zondag 7 januari 2007

Plem 1909-1959 Company Photography De Stijl Elffers Oorthuys Thijsen Parr

1909 PLEM 1959.
[Text L. Harpman, P.A. Becx (redactie); Bertus Aafjes, R. Franquinet (essay); E. L. Kramer (foreword); F. Houben (introduction); H. Gelissen (firm's history). Photography Cas Oorthuys Illustrations: P.A. Becx Layout Dick Elffers en Ben Dui
Maastricht / 1959 / 154 p. / cb. / 26x24cm / with dustjacket / 136 b&w photographs, 7 color, in opdracht, uit bedrijfsarchief en uit niet-particuliere archieven / documentaire foto's / directeursportretten, huishoudelijke apparatuur, landschap en stedenschoon en schakelinstallaties). - Ill 11 b&w photographs, 35 colo / NN / Firmenschrift, Festschrift / Photographie - Anthologie - Auftragsphotographie, commissioned photography - Nederland, Niederlande - 20. Jahrh. / Printed by Firma Boosten & Stols, Maastricht (boekdruk). - Opdrachtgever: NV Provinciale Limburgsche Electriciteits-Maatschappij PLEM (50-jarig bestaan). - Foto-typo-taal. De elektriciteitscentrale wordt metaforisch voorgesteld als een sprookjespaleis uit duizend-en-een-nacht. De foto is onderdeel van een grafisch totaalontwerp. Grafieken zijn in aparte katernen op andersoortig papier afgedrukt. De tekst is gezet uit de Grotesk, Gill en Goudy catalogue. Lit.: M. Bruinsma, L. Ros en R. Schröder, Een leest heeft drie voeten. Dick Elffers en de kunsten, Amsterdam 1989, p. 42-43.

Plem 1909-1959 by : Martin Parr & Gerry Badger in The Photobook : A History volume II
It is a characteristic of the Dutch photobook, as it is of the Japanese photobook, that design is an important element of the total package. One of the best designed examples of the period was produced for the utility company PLEM ( Provinciale Limburgsche Electriciteitsmaatschappij), the electricity-generating company in the south of Holland, and it is the book's lead designer Dick Elffers, who is the driving force behind the look of the volume, even tough the photographic roster includes such distinguished names in Dutch photography as Cas Oorthuys (Oorthuys) and Koen Lenarts.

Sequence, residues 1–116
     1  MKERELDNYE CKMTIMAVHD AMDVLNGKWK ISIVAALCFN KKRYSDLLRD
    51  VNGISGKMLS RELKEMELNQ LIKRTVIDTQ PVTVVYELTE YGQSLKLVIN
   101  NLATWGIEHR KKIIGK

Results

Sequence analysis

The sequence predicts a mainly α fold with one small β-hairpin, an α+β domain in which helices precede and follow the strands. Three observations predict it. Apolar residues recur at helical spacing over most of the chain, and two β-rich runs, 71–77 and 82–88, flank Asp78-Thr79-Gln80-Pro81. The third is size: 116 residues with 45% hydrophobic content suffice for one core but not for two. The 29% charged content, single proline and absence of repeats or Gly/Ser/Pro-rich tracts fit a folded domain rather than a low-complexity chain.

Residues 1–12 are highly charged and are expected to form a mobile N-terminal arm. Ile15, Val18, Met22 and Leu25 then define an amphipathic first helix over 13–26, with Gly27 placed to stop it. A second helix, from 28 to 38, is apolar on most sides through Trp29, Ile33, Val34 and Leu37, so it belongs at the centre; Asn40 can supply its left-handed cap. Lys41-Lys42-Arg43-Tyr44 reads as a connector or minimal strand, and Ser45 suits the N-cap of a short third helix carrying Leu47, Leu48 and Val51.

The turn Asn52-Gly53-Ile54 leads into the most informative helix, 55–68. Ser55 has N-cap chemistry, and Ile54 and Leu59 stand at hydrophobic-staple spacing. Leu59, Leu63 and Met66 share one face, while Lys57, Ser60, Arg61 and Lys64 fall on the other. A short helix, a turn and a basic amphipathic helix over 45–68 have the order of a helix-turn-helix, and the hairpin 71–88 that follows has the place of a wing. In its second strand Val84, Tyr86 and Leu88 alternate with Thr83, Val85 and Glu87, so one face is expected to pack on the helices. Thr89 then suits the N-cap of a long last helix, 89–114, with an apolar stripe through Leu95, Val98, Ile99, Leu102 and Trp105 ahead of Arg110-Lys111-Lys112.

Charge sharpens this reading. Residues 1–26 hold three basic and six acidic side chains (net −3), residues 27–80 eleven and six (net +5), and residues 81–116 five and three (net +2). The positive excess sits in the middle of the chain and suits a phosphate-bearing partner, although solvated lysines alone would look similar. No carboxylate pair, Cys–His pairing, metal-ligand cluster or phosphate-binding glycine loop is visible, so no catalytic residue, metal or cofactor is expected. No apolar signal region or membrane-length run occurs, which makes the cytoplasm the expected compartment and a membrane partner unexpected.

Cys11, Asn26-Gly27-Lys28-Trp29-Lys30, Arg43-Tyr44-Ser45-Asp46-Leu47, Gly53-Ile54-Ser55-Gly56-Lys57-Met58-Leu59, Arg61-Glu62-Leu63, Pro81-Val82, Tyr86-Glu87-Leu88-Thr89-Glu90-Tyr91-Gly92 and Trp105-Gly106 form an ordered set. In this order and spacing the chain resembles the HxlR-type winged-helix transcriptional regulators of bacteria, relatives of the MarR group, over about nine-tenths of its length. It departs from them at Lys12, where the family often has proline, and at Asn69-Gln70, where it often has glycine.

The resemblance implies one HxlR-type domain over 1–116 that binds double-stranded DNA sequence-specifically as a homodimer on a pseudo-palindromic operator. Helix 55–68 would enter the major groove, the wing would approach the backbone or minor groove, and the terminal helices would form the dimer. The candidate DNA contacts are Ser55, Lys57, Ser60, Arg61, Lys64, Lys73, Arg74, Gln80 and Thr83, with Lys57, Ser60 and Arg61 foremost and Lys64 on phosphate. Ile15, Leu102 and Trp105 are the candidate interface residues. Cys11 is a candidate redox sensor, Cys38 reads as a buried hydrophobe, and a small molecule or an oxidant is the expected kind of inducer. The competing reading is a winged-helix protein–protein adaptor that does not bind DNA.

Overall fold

With its plethora of design 'references', the book might even be considered a prototype of the postmodern photobook, although graphic design, like fashion, was always a matter of visual appropriation. The borrowing begins with the cover, where the letters 'PLEM' are arranged in exactly the same way as the letters 'CPDE' on the cover of Man Ray's Électricite' (1931; see pages 182-83).
Another important design feature is a grid pattern that relates to the De Stijl movement of the 1930's, which numbered amongst its exponents Piet Mondriaan and Gerrit Rietveld. De Stijl was noted for its rigorous geometry and use of primary colours, and this is echoed throughout PLEM. Most notably, its piece de resistance is a two-page panorama of a power station at night, in which the space is fractured and expanded by means of red and yellow overlaid shapes.

Cas Oorthuys (1908-1975)
As no other photographer, Cas Oorthuys has expressed the growing self-confidence of the Dutch in the period of post-war reconstruction. His photographs show the restoration of the industry, hard-working Holland on the road to a society with a booming economy, and the growth of tourism.